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EASTSIDER EDWIN NEWMAN
EASTSIDER EDWIN NEWMAN
Journalist and first-time novelist

8-11-79

"When you achieve a certain prominence on television," says NBC's
Edwin Newman, "publishers come to you and ask you to write books.
Then you go round in circles for a while, and finally say, 'Gee, I'd like
to write a book, but I don't have the time.'"

Six years ago, the award-winning broadcast journalist decided to find out if he was bluffing himself. He spent seven months of his spare time writing a book called Strictly Speaking: Will America be the Death of English? Published in 1974 when Newman was 55 years old, it became the nation's number one best-seller for non-fiction. His follow-up book, A Civil Tongue (1976), was another best-seller.

Now Edwin newman has written his first novel, Sunday Punch (Houghton Mifflin, $9.95). Published in June, it has already gone through two printings in hardcover, totaling 60,000 copies. The Atlantic has described the book as "a Wodehousian excursion that is lighter than air and twice as much fun as laughing gas."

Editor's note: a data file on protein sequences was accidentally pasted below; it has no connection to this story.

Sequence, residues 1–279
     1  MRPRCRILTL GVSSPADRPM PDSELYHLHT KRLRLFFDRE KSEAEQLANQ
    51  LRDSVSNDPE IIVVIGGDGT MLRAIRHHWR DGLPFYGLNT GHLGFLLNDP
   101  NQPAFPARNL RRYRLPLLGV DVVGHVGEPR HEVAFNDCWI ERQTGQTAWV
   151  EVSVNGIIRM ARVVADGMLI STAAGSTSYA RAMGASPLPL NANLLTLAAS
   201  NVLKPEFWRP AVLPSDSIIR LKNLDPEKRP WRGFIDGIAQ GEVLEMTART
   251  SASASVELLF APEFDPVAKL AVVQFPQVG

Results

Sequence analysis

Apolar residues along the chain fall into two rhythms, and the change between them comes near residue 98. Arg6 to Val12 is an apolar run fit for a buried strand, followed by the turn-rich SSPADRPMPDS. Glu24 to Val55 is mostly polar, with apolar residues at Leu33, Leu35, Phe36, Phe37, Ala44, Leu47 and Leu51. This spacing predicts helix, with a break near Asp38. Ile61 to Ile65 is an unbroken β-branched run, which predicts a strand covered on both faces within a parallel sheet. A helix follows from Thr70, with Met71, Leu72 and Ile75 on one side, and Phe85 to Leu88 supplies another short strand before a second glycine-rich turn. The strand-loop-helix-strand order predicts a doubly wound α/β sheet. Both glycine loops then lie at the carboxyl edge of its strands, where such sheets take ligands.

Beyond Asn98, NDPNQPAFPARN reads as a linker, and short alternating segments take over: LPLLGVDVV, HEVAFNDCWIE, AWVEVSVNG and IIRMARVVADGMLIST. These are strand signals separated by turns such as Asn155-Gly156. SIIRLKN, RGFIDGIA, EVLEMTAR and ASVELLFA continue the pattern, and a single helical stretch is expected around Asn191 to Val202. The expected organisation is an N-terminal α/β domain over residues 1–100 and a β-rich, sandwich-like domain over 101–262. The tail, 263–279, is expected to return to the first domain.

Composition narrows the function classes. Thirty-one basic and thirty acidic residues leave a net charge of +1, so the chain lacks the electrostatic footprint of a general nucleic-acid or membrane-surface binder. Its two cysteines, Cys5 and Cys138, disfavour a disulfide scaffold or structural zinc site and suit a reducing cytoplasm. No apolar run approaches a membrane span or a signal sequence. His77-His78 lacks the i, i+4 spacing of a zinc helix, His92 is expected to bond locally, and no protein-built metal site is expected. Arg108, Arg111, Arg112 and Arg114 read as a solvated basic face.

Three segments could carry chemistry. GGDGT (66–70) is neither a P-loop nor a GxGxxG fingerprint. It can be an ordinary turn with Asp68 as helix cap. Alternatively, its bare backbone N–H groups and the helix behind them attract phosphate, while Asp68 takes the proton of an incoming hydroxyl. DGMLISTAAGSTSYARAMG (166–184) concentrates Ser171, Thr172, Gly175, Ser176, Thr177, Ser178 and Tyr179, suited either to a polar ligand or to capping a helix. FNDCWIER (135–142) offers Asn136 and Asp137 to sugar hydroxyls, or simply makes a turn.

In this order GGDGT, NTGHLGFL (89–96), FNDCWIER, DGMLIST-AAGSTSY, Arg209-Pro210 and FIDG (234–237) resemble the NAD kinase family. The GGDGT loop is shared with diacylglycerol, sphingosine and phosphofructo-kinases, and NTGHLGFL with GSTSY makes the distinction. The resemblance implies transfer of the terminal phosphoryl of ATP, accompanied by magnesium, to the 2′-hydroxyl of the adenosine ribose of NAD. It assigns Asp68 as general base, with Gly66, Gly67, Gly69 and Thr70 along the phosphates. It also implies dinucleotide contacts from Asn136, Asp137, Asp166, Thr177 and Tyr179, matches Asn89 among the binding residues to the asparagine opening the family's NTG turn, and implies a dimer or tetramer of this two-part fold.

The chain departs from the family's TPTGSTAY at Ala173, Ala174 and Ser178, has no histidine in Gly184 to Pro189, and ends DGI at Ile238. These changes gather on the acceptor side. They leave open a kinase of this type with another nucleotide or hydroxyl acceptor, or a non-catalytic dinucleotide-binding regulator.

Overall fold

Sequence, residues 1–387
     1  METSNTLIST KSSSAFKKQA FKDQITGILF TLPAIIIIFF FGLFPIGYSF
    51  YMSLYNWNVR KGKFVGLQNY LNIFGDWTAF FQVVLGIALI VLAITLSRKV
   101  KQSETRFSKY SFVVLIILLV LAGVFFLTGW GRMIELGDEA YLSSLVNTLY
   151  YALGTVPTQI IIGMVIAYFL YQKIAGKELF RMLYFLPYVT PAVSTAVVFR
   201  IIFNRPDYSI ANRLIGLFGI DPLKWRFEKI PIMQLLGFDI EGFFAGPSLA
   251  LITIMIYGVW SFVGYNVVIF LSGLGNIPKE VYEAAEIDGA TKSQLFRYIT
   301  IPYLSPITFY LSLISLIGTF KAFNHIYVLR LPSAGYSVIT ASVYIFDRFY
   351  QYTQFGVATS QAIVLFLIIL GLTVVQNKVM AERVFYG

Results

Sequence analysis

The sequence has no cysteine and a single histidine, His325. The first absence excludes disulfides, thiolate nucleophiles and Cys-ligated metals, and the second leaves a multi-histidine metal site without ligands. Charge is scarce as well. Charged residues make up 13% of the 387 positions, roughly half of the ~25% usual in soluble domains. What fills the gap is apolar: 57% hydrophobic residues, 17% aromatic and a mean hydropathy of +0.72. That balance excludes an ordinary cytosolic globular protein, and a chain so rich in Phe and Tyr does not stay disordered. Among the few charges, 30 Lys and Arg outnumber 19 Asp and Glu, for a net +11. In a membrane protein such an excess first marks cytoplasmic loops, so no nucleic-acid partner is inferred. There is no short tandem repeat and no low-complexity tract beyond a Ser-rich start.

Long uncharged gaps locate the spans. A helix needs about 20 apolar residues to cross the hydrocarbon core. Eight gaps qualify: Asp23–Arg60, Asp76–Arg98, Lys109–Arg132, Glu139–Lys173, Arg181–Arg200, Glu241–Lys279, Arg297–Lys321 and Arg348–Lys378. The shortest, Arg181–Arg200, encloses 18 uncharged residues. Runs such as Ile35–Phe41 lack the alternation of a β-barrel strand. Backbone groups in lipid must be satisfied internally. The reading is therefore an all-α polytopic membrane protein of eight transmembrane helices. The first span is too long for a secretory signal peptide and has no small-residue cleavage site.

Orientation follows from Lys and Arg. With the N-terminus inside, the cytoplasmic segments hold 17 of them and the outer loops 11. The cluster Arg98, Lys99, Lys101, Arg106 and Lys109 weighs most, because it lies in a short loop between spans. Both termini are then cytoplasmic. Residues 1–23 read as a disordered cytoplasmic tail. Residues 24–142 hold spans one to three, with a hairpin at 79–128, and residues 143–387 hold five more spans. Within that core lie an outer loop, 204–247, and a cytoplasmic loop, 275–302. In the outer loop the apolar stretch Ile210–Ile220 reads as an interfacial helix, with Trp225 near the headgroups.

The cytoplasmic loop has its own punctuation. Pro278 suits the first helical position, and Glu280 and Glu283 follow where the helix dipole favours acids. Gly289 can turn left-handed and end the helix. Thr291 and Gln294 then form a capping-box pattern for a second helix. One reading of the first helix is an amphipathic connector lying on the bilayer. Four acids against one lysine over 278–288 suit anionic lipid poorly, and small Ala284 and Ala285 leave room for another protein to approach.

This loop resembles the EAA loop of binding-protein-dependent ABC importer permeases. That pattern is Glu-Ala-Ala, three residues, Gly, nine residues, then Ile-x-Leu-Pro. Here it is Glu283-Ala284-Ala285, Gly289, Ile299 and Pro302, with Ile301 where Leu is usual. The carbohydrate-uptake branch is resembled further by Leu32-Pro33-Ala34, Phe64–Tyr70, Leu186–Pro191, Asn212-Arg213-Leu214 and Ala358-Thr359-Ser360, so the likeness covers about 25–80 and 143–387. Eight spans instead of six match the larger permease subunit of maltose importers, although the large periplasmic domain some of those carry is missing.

In a leisurely interview at his Rockefeller Plaza office, the author comes across very much as he does on television. His leathery features expand easily into a smile as he delivers, in his slow, concise, foghorn voice, comments that are as thought-provoking as they are witty.

Sunday Punch, he says, "is the story of an extremely thin, tall, British prizefighter named Aubrey Philpott-Grimes who comes to the U.S. to fight because he can make more money here than in Britain. The more money he makes, the higher taxes he can pay, and Aubrey is a great believer in paying taxes. He is tremendously interested in economics, so that if he is brought to the microphone after a fight, he'll probably start talking about structural unemployment and floating exchange rates, rather than talking about fighting. … The book allows me to comment on the United States from the view of an outsider."

His fascination with the cultural and linguistic differences of the U.S. and England dates back to the late 1940s, when Newman left his job with the Washington-based International News Service and moved to London. There, he found work as a "stringer" for the NBC network, and when he was invited to join the full-time staff in 1952, he remained at the British capital for five more years. In 1961, after serving as NBC bureau chief in both Paris and Rome, he returned to his native Manhattan and settled into his present Eastside apartment with his English wife, Rigel. The Newmans' daughter Nancy was educated entirely in England.

A harsh critic of the state of the language in America today, Newma............
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